To XP or not to XP

So Microsoft is all up in a tizzy because a great deal of corporations haven’t made the jump to Windows XP. Personally, I don’t see a reason for any company to go this route in the first place and it really is only a huge waste of money in my opinion. Granted, I believe XP is the best OS this company has put out to date, I just don’t see how it could benefit Corporate America anymore than simply going to (or staying on) Windows 2000 on desktops until Longhorn comes out if it lives up to it’s expectations.

First off, let’s talk about machines in a large networked environment. I’ve been to a few large corporations (working and visiting) and many of my friends work at hefty sized companies as well. Most of these establishments do not have machines that can optimally run XP now. It wouldn’t be a shock to still see Pentium 3 500MHz-1GHz boxes in a typical location with not more than 128 MB of RAM on each of them. Win2k can still run fairly well on these machines, but XP? Most people would rather sit next to the guy in Office Space with the red stapler than live through that nightmare.

Second, does XP really offer anything to a user in a corporate networked environment that Win2k can’t? It’s great for home users with the snazzier GUI, nifty n00b wizards, enhanced multimedia capabilities and some fairly robust hardware support. However, in a work environment, that snazzier GUI requires a better machine with a good chunk of RAM. This is money that can be better spent on upgrading back end systems, let’s say to Windows 2003 if you’re on an NT domain (you wouldn’t believe how many of my buddies are still on NT, let alone lots of others corps). Unless you’re in a multimedia type of business, there’s no need for the enhanced multimedia capabilities on the desktop in a work environment, which again would require a beefier system. Then there’s the process of upgrading the system itself. Microsoft operating system upgrades don’t typically behave themselves nicely and more often than not, they do way more damage than good. Thus you’re stuck with a clean install of the OS and unless you’re on a properly maintained Active Directory infrastructure (screwed again if you’re on NT), it will cost more money in terms of man-hours by manually moving important files to share for safe keeping.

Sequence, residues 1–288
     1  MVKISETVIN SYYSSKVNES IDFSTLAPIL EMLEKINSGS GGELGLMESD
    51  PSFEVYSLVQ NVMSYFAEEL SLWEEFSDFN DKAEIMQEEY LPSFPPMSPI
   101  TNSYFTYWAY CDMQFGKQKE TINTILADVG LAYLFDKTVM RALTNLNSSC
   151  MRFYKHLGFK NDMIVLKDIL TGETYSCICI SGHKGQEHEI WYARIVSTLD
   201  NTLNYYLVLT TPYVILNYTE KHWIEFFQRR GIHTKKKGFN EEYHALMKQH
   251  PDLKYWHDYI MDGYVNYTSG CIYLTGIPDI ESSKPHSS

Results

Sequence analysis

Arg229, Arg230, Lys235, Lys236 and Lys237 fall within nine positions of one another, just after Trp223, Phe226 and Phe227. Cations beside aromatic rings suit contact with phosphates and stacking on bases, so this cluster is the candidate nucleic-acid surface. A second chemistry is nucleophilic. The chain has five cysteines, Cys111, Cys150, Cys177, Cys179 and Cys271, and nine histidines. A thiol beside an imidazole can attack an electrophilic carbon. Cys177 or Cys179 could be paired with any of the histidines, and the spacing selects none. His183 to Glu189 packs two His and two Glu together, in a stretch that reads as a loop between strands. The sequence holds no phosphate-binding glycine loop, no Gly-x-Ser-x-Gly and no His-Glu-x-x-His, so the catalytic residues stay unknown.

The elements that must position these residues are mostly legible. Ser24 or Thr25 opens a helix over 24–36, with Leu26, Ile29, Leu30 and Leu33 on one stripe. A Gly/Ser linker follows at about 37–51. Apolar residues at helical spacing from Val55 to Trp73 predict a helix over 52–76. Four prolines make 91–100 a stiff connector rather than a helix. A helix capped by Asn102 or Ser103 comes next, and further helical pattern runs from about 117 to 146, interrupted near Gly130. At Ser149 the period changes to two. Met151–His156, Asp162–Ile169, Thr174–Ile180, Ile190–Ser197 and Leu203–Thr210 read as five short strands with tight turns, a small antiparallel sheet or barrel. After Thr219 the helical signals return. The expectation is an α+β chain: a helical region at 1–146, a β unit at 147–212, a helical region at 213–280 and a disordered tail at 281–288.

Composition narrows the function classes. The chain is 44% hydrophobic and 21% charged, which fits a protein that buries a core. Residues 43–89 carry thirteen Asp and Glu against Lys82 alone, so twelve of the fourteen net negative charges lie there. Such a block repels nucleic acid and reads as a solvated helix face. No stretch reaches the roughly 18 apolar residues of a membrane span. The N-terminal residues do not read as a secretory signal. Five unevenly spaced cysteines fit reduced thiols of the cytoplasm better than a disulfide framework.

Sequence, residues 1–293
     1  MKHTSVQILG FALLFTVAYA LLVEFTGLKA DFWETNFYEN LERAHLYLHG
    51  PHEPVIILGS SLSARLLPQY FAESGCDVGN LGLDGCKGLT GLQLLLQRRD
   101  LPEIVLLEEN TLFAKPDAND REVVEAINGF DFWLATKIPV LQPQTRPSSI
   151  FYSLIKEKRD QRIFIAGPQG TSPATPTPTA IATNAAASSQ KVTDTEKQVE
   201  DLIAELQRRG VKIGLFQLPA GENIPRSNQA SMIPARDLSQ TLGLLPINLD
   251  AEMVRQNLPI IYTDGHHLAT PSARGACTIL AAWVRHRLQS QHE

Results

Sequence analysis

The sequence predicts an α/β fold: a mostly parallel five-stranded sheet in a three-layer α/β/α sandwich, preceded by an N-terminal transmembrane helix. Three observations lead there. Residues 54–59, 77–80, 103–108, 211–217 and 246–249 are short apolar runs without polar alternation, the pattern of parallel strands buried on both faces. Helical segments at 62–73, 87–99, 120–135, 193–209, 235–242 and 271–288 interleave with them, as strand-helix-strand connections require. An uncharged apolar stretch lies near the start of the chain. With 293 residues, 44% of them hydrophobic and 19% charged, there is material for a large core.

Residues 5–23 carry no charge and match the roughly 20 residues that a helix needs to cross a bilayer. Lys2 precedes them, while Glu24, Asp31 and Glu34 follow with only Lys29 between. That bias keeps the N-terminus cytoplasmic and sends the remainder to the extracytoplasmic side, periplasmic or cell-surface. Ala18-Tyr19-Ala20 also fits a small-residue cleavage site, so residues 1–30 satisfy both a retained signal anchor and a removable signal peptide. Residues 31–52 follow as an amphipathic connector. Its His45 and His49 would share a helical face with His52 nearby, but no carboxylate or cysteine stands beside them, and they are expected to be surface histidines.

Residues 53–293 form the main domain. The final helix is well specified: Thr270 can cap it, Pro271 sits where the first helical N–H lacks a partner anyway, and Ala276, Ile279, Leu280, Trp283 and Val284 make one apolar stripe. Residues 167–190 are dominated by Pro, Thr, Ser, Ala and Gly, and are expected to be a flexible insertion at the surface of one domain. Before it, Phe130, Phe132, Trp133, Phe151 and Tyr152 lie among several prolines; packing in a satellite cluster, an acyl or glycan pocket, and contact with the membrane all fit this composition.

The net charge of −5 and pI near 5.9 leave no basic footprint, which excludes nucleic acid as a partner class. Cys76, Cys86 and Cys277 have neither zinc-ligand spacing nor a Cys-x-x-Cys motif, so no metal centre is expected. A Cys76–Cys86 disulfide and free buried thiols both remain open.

Then there are the stability zealots. From my own personal experience, 2000 is just as stable (if not more) than XP. It all stems from the guts of the machine which you are using. Microsoft operating systems (just as much as almost all flavors of Linux) work best on good name brand hardware. Slapping in Jocko brand network cards, Slammo brand video cards, Babaloo brand sound cards into your machine will probably make your box crash regardless of what OS you put on it. I’d say that’s the number one reason of the incompatibility issues many home users have on their computers. Much like in real life, if you save a few bucks to take a shortcut on something, you’re going to pay for it in the long run.

All in all, while XP is definitely a worthy upgrade for a home user, it just does not make sense for business, even with Service Pack 2 waiting right on the horizon. Microsoft has not made it worthwhile enough for someone like me at work to spend the money on the necessary hardware upgrades now to go to an operating system that is not much more different than my current one if I am running 2000. If I’m unfortunate enough to still be on NT, my ass is more worried about upgrading my servers than some measly desktops now…

One reply on “To XP or not to XP”

  1. Me, I’d prefer XP, simply because it’s more user-friendly than 2000. As someone who has to deal with end-users daily, I like ease of use…

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